Fellas, this post is not for you. I’m going to talk about the lady business. So, why don’t you go talk amongst yourselves for a moment. I’ll give you a topic: Athlete doping: the new standard, or the end of nobility in sports? Discuss.
Guys, really, if you’re still reading by the end of this sentence, you hereby consent to receipt of the following material, and assume all risks appurtenant thereto.
Are they gone?
Okay, so…now that it’s just us girls, I can speak freely.
As some of you may know from my last post, as soon as I got to Seoul, I developed a wicked yeast infection. Awesome timing, I know. Before I left the USA, my doc back home provided me with a truly spectacular supply of pharmaceuticals to keep me alive through onslaughts by all the various sorts of exotic, foreign bugs that I might encounter in my travels. Except this. I have pills and creams for everything else you could imagine in my traveling medicine chest, but nothing for a yeast infection. Unless it occurs in my armpits, then I’m set, I have something for that. But, the doctor specifically told me, “don’t put this in your vagina; you need something else for that.” Which, of course, he didn’t give me, because I truthfully said “no” in response to his question about whether I’m prone to such problems. I realize, I pretty much doomed myself to this situation by telling him that. I know that now. Never tempt the Jinx. Especially when it comes to your pineapple.
Here in Korea, most medicines are kept behind the pharmacist’s counter, even those for which you don’t need a prescription. It’s not like CVS or Walgreens back in the States, where you can meander the women’s health aisle and study the options at your leisure. You have to ask the pharmacist for pretty much everything except Vitamin C fizzies and gum. So, to possibly save any other female travelers or expats in Asia the indignity of having to do the most mortifying mime routine ever for a non-English speaking, probably male pharmacist, I feel an obligation as a woman to put this information out there on the internet for others to find. God knows, I wish someone had done that for me.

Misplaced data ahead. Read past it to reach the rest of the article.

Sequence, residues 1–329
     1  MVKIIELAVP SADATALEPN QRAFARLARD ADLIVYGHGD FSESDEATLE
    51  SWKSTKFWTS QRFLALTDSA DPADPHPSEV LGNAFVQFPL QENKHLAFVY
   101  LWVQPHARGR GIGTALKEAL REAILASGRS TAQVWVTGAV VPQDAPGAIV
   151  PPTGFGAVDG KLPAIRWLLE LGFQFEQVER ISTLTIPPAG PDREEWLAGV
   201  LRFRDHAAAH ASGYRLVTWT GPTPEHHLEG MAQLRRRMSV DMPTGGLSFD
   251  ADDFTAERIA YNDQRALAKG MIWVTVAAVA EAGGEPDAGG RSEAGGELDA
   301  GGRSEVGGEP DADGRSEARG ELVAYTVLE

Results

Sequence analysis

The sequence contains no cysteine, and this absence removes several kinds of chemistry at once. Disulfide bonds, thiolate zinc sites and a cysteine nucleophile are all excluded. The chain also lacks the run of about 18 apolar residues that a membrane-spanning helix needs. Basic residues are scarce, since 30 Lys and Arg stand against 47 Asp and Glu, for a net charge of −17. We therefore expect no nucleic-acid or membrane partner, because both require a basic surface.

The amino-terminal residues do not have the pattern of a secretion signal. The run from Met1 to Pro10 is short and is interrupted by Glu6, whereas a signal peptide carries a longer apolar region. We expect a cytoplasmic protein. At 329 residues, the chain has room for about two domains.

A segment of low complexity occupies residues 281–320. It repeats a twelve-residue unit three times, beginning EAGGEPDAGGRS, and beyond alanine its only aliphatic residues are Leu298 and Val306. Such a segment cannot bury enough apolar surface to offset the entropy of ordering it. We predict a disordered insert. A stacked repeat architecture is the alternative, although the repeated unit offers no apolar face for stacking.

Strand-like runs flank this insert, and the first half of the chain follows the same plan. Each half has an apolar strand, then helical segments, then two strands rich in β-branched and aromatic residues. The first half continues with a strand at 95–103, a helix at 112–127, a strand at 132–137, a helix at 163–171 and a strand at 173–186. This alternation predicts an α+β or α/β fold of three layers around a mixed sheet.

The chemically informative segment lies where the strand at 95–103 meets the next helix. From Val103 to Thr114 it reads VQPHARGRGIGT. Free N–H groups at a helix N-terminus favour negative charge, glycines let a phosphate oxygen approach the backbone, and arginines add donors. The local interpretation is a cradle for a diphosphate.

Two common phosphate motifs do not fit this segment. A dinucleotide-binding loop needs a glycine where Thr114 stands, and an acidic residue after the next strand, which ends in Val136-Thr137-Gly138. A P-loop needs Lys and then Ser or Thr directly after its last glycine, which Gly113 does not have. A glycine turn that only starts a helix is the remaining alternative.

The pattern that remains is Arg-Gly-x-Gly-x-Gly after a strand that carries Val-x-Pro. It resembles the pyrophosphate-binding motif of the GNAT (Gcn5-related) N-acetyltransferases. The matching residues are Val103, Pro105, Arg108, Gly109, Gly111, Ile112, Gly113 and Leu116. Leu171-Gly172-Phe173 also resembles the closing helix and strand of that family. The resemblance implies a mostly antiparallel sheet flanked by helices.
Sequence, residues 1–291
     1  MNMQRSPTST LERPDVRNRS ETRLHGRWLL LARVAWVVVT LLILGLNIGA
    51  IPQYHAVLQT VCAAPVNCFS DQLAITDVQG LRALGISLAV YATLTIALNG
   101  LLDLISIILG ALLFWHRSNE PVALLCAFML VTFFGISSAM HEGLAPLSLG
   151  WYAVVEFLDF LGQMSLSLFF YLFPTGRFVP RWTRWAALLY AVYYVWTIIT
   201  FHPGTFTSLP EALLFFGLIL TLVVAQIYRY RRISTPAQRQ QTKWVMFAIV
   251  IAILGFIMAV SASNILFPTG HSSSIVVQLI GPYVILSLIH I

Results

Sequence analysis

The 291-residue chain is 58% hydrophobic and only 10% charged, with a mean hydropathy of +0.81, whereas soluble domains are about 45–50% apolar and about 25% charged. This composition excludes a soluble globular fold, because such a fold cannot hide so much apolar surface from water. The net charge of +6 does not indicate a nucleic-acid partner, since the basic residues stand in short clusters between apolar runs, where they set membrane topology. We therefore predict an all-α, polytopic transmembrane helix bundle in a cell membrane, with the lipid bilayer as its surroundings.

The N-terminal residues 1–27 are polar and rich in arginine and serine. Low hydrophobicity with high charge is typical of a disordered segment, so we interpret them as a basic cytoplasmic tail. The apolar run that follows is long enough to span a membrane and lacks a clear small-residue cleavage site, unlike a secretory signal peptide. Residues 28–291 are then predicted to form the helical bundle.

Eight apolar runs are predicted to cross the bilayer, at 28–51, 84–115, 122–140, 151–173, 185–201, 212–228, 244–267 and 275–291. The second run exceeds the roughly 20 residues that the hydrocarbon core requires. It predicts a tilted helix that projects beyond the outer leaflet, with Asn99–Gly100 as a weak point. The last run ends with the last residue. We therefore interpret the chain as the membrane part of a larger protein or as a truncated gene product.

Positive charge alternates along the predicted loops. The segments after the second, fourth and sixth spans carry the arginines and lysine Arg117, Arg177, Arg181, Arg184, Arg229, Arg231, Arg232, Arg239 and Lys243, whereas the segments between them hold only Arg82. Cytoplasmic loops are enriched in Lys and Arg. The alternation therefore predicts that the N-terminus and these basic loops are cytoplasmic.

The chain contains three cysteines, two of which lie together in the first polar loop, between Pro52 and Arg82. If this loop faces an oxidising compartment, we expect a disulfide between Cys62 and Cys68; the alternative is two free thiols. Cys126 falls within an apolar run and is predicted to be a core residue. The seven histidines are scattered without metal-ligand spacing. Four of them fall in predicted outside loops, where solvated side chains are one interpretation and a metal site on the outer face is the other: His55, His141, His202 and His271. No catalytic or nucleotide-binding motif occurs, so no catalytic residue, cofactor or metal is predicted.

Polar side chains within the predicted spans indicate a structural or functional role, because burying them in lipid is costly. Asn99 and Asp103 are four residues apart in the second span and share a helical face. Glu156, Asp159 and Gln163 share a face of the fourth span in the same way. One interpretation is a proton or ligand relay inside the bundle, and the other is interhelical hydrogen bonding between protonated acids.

If you’re sure what you have is a yeast infection, what you need to ask for is “Canesten.” It’s basically Monistat or Lotrimin, or, to use the actual drug name, Clotrimazole. Canesten is the brand name that Bayer markets the medication under in Asia. Not just in Korea, too, so if you find yourself itchin’ away in Hong Kong or Taiwan, or elsewhere in Asia, chances are good that Canesten is the brand name there, too, and the packaging will look similar. It comes in a cream, or in a one-shot suppository tablet, and frequently, in a combo-pack that includes both. Here…just show the pharmacist this photo and point to the one you want:
Trust me, get both.
PS: If you’re not sure that what you have is a yeast infection, don’t make it mad by treating it with the wrong medication. Just bite the bullet and go to the doctor. Lady bits are lady bits the world over, so don’t worry, the doctor wherever you are has seen it before. If you’re in a big city, check online for a local expats’ website with listings for any English-speaking doctors. If you’re in Seoul, go to Medi-Flower OB/GYN Clinic in Seocho-gu, next to the Seoul National University of Education Metro stop. The female Korean doctor speaks English pretty well, and the receptionist is an American woman. It’s very nice, and located right next to the subway, too. See: http://www.mediflower.co.kr/eng/sub_010101.html